Haunted History: Exorcising the Cold War

Kenneth Paul Tan*

*Corresponding author for this work

Research output: Chapter in book/report/conference proceedingChapterpeer-review


The historic Cold War may have formally ended in the early 1990s, but its influence continues to weigh heavily on much of our imagination today. In one sense, the Cold War has been a highly generative source of creativity, invention, and optimism in the human ability to surpass our natural limitations. But in quite another sense, the Cold War continues to constrain our thinking and behaviour, locking us into what seems like an eternally repetitive cycle of division, binarism, polarization, competition, othering, fear, conflict, violence, and trauma. Cold War ideological struggles have not abated, continuing to filter down into—and be modulated by—the lives and livelihoods of ordinary people. While high-level events and the Cold War strategies and narratives that continue to frame and control their significance are certainly important for critical analysis, we should also descend from the lofty considerations of geopolitics, foreign policy, and international relations to focus, at the level of lived experience, on how people and their communities, especially the marginalized, have been affected by Cold War legacies, including its modes and styles of reasoning and feeling. The Cold War has been a major source of trauma affecting so many people around the world. They lived under brutal regimes and witnessed—or were even forced into committing indescribable atrocities. They lost their homes or were forcefully dislocated from their homelands, living as refugees or in exile, forgotten by their families and communities. They moved in search of opportunities and settled in places where they faced discrimination, exploitation, and marginalization. And as China rises and challenges the global pre-eminence of the United States, the international system has come under more strain, raising the likelihood of war. And so, the cycle of violence and trauma continues. The Cold War legacy—its modes and styles of reasoning and feeling—will continue to stand in the way of progress in the name of social justice, democracy, and peace around the world.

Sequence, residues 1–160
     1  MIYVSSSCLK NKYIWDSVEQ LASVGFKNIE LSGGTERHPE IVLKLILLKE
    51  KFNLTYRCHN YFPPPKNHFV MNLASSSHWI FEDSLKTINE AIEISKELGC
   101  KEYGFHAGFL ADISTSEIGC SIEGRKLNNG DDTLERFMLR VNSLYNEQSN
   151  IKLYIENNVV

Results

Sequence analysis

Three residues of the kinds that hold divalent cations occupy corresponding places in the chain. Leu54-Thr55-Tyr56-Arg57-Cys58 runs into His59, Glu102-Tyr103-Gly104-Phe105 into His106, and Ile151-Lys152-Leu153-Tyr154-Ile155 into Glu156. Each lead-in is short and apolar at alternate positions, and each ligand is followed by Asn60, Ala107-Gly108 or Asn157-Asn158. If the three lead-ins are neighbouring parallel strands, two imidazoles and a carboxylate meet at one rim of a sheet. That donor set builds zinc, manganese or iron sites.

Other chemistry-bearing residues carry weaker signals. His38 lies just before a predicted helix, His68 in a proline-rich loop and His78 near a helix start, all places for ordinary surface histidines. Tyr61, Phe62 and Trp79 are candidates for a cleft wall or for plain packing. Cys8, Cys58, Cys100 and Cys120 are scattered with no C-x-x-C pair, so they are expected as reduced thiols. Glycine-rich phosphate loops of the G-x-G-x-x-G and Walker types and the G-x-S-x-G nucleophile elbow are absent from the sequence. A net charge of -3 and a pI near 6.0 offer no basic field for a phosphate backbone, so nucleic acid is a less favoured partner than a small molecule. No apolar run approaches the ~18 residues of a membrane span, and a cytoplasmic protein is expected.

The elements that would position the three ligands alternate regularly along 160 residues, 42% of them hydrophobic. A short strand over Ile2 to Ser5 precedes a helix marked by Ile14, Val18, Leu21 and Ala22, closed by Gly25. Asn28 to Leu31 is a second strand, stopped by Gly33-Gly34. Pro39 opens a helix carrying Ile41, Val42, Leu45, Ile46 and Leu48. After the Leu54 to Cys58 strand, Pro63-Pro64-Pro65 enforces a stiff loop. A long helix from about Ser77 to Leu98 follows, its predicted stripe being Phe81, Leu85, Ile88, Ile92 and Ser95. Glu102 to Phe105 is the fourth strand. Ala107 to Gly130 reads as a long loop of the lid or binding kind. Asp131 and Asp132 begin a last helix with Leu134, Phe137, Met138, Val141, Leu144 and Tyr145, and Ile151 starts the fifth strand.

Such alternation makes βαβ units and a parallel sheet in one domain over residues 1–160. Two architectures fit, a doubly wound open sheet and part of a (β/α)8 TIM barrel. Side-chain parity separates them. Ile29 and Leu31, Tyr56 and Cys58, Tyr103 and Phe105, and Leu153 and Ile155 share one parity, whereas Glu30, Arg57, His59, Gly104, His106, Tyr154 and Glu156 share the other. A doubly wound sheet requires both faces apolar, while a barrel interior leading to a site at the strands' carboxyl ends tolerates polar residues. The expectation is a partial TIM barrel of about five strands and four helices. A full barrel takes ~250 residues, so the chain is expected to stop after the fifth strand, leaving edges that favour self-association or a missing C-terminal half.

Original languageEnglish
Title of host publicationAsia in the Old and New Cold Wars
Subtitle of host publicationIdeologies, Narratives, and Lived Experiences
EditorsKenneth Paul Tan
PublisherPalgrave Macmillan
Number of pages11
ISBN (Electronic)9789811976810
ISBN (Print)9789811976803, 9789811976834
Publication statusPublished - 7 Feb 2023

Scopus Subject Areas

  • Social Sciences(all)


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